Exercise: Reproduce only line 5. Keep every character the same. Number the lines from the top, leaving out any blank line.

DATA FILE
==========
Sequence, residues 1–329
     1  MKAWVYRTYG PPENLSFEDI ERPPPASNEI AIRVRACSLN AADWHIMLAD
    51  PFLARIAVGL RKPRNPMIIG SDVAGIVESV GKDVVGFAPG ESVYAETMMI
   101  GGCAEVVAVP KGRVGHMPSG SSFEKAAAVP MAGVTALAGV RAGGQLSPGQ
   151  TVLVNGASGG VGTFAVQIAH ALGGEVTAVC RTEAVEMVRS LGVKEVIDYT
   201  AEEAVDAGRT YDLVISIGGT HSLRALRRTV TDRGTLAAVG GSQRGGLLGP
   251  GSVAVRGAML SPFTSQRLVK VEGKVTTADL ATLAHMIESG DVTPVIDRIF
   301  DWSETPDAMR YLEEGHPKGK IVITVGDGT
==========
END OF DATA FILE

   151  TVLVNGASGG VGTFAVQIAH ALGGEVTAVC RTEAVEMVRS LGVKEVIDYT